The RAAF display was a tad disappointing with the local Hornets grounded because the RAAF display pilot was with 75 Squadron en route for operations in Qatar. The Roulettes performed admirably in their Pilatus PC-9/As, but I for one would much prefer to see the Hawk Mk127 in a team display. 76 Squadron did bring six of their Hawks in for the show including the single demonstrated example that had only just been painted up in full 'panther' markings. A sole venerable DHC-4A Caribou flew each day while Hercules, 707s and Orions were not flown. All three variants of the F-111 were on display and the dump and burn routine still catches the eye and is a real crowd pleaser. The Australian Army put up a good display with Blackhawk, Kiowa and Iroquois but their Chinooks were absent as they were destined for Gulf duty in Qatar. The Australian Navy had both Sea King (in a new low-viz livery) and Sea Hawk but no Squirrels, even though four of them were on a navigation exercise at Point Cook only 20 kilometres away.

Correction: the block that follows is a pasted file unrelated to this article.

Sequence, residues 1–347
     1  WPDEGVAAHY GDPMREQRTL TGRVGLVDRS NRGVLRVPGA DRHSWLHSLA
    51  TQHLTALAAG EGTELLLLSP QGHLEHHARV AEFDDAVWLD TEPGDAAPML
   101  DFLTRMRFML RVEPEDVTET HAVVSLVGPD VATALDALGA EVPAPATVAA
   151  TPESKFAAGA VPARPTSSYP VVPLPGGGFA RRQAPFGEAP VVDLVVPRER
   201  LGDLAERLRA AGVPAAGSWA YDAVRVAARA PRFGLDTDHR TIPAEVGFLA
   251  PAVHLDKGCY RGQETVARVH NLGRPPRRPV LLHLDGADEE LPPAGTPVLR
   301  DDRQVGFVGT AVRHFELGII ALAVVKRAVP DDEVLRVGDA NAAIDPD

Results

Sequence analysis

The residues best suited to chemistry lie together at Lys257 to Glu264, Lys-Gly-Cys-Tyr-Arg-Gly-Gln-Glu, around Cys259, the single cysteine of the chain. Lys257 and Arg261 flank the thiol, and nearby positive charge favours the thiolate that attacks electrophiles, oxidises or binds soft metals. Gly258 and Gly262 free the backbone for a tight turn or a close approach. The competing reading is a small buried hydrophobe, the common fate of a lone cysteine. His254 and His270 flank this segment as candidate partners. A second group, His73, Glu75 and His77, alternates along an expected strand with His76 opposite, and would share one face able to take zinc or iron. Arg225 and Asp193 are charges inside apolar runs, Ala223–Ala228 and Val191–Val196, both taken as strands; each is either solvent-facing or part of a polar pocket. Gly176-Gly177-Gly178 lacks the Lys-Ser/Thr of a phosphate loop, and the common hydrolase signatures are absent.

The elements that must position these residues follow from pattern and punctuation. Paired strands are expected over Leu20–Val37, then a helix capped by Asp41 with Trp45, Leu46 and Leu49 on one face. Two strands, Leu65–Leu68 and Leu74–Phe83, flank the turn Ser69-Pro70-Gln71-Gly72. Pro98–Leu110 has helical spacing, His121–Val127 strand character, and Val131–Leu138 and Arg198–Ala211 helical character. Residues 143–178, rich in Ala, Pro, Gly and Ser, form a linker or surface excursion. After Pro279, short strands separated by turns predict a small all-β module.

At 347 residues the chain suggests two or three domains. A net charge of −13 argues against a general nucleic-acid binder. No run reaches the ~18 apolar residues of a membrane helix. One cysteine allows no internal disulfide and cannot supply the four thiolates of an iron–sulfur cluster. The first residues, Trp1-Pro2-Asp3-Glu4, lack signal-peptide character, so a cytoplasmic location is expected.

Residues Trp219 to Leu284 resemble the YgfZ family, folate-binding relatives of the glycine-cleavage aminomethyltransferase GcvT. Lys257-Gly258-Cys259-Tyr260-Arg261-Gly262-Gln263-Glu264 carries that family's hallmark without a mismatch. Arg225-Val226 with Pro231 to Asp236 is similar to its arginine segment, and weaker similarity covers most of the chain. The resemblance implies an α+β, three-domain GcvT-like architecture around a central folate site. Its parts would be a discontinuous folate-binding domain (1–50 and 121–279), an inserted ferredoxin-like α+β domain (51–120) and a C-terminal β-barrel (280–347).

On the civil airliner scene, the mighty Airbus Beluga dominated the skyline while Qantas brought in one of their A330s on one of the public days, Bombardier had a Dash-8 400, Global Express and Challenger on display, while Lear Jet 45s, Beechcraft and Cessna types were also on show. The Dash-8 was the only aircraft to do a demonstration flight for media, this lasted an hour and the noise reduction technology in use in this type was ably demonstrated. Seating in this large commuter was most comfortable, even for my larger than life frame! The second RAAF King Air 350 on delivery N5043X was re-routed to arrive at the show before heading for Perth and initial C of A conversion etc. Although registered as civil, the HARS C-121C Constellation VH-EAG was once again a star of the event and amazed the crowds on the Friday night show as it spewed flames from its engines with special effects from some strategically placed oil reserves.
With over six hundred aircraft on the field, enthusiasts were well catered for. Gliders, ultralights, kits, restored and modern aircraft were all there and the organisers can be well pleased with their attendance. While the show is guaranteed to be held up to 2007, plans are being worked to secure it to 2013, but for next time, hopefully, world events may not have as much impact.